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Hamish Campbell

source: daily mail

06 Apr. 2013The Mirror, Police chief Peter Spindler quits Operation Yewtree celebrity sex abuse inquiry for watchdog role: “Scotland Yard commander Peter Spindler has dramatically quit in the middle of the high-profile investigation into Jimmy Savile and other celebrities, the Sunday People reports. The decision has surprised insiders who expected Spindler to see Operation Yewtree through to the finish. He had overseen a string of high-profile arrests, including Freddie Starr, 70, Jim Davidson, 59, and Max Clifford, 70. But last week Spindler began a two-year secondment to the police watchdog Her Majesty’s Inspectorate of Constabulary, the investigative website Exaro and the Sunday People have learned. Det Chief Supt Hamish Campbell, who led the Jill Dando murder inquiry, has temporarily been put in charge of Yewtree. Spindler, a politics graduate from Warwick university, was the public face of the Met’s investigation into Savile and famously said that the ­disgraced BBC presenter had “groomed the nation”. The Met’s report into Savile, who died in 2011 aged 84, revealed more than 200 criminal offences, including 34 rapes. But Spindler has faced criticism over the strategy of arresting people – 12 so far, including celebrities – when in some cases there ­appears to be insufficient ­evidence to bring charges. Spindler also had ­responsibility for Operations Fernbridge and Fairbank, investigating ­other high-profile figures allegedly linked to child abuse. A Met spokeswoman confirmed his departure, telling Exaro: “He has just decided to take up this new post,” adding, “That was his desire.”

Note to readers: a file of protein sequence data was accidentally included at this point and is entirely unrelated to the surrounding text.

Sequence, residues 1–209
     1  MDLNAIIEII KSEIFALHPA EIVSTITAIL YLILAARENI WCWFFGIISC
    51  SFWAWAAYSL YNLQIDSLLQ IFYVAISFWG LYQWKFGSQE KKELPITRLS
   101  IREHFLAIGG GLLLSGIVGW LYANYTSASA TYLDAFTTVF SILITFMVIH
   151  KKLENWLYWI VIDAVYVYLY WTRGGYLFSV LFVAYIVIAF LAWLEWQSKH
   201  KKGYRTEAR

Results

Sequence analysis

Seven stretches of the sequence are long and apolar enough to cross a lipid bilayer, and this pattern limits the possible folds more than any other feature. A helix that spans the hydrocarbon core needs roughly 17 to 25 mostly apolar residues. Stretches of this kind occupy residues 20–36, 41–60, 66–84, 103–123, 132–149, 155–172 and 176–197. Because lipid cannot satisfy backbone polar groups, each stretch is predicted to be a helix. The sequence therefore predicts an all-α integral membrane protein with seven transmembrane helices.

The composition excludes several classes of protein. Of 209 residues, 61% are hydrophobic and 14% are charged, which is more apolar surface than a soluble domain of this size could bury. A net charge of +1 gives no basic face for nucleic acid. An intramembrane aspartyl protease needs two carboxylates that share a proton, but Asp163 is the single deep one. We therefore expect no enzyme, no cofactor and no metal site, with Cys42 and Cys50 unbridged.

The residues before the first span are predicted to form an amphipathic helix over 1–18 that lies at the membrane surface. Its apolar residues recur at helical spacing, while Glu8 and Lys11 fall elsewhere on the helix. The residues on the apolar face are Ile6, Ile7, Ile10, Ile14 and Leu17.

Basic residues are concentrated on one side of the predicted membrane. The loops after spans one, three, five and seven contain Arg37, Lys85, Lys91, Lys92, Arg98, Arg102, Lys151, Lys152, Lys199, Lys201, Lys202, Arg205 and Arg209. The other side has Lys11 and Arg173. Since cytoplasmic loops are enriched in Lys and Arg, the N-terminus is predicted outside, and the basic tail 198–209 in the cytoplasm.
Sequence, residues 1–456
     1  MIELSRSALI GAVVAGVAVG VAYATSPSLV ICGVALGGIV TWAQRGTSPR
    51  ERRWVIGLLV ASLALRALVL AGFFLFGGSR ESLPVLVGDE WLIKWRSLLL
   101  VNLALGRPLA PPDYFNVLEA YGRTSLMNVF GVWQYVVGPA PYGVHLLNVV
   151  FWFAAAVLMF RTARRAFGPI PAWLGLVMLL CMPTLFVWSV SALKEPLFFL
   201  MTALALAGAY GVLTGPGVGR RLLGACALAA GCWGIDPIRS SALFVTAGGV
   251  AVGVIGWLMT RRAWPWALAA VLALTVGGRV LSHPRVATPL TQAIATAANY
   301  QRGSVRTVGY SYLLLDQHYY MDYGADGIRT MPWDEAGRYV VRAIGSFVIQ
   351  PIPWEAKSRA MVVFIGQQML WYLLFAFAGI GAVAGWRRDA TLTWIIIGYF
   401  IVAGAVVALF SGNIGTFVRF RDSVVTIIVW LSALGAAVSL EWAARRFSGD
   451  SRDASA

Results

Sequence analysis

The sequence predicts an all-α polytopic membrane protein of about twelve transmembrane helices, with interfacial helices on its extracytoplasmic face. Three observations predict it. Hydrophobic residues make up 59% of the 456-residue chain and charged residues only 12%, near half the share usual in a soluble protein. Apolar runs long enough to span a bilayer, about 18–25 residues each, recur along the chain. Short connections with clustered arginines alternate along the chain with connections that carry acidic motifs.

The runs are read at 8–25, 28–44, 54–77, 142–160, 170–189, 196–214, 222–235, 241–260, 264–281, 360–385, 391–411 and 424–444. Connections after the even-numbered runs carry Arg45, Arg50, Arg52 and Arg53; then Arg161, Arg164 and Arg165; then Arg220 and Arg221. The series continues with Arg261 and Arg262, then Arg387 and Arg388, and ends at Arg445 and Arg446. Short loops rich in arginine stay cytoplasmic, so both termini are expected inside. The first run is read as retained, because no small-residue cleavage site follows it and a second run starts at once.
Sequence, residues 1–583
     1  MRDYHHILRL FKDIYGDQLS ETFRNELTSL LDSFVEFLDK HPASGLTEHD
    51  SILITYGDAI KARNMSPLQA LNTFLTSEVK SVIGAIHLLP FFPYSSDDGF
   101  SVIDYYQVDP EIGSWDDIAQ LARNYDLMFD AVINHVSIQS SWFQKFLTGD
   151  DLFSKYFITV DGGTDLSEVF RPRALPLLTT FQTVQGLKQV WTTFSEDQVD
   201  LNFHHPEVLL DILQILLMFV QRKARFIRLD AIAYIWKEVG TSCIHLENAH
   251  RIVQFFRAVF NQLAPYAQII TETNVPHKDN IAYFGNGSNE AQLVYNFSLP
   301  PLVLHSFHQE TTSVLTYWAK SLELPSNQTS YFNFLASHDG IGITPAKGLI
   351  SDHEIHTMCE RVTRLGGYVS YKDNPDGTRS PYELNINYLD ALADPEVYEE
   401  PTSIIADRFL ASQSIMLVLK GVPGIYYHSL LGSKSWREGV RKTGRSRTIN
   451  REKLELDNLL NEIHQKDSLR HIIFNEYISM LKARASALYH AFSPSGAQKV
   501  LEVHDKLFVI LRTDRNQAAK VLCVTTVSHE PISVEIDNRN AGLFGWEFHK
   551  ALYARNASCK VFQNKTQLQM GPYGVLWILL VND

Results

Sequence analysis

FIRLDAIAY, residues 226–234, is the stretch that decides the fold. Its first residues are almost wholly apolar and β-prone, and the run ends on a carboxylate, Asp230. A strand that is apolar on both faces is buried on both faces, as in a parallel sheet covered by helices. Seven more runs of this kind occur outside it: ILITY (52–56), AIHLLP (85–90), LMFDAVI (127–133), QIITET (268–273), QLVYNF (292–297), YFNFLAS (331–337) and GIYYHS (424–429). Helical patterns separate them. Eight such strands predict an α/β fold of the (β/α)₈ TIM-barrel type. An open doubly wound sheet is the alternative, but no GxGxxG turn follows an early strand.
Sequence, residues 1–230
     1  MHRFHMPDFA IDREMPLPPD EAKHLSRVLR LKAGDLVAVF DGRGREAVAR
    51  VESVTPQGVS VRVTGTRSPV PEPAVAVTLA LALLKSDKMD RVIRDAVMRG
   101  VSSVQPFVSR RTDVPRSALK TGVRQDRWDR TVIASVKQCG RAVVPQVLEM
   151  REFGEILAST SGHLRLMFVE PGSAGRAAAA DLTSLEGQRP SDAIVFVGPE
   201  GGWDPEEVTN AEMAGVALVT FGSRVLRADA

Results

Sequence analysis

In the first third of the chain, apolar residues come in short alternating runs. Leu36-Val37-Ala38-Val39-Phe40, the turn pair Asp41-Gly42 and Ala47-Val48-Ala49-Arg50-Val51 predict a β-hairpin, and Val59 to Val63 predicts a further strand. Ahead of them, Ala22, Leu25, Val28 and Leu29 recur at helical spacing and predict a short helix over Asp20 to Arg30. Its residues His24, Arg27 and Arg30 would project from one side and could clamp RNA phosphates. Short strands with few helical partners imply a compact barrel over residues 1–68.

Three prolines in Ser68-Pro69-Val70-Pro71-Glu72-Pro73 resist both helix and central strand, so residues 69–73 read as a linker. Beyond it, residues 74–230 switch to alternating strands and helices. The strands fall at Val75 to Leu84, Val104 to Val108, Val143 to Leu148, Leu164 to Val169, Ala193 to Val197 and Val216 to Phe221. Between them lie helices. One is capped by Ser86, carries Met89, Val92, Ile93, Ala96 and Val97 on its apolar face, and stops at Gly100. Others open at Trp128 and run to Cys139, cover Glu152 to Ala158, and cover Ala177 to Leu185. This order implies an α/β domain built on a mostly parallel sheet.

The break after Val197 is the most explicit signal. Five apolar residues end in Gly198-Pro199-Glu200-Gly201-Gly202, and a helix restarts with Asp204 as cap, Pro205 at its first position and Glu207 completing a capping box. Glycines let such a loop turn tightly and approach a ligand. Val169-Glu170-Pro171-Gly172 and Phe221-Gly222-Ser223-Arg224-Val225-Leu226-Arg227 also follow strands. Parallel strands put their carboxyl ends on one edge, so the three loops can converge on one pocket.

22 Jan. 2014DailyMail, Caribbean island gun police kill one civilian EVERY day: Calls for inquiry into claims of alleged 'death squads' on Jamaica: “A former Scotland Yard murder squad chief is already conducting an independent investigation into dozens of fatal police shootings in Jamaica – more than half of which are said to be suspicious. Ex Detective Chief Superintendent Hamish Campbell moved there six months ago, shortly after retiring from the Metropolitan Police. He describes the number of police killings on the island as ‘just incredible’. In response to claims of death squads in the Jamaica Constabulary Force he told the Mail there was a widespread belief that the police were killing people because they knew they wouldn’t get them into court….”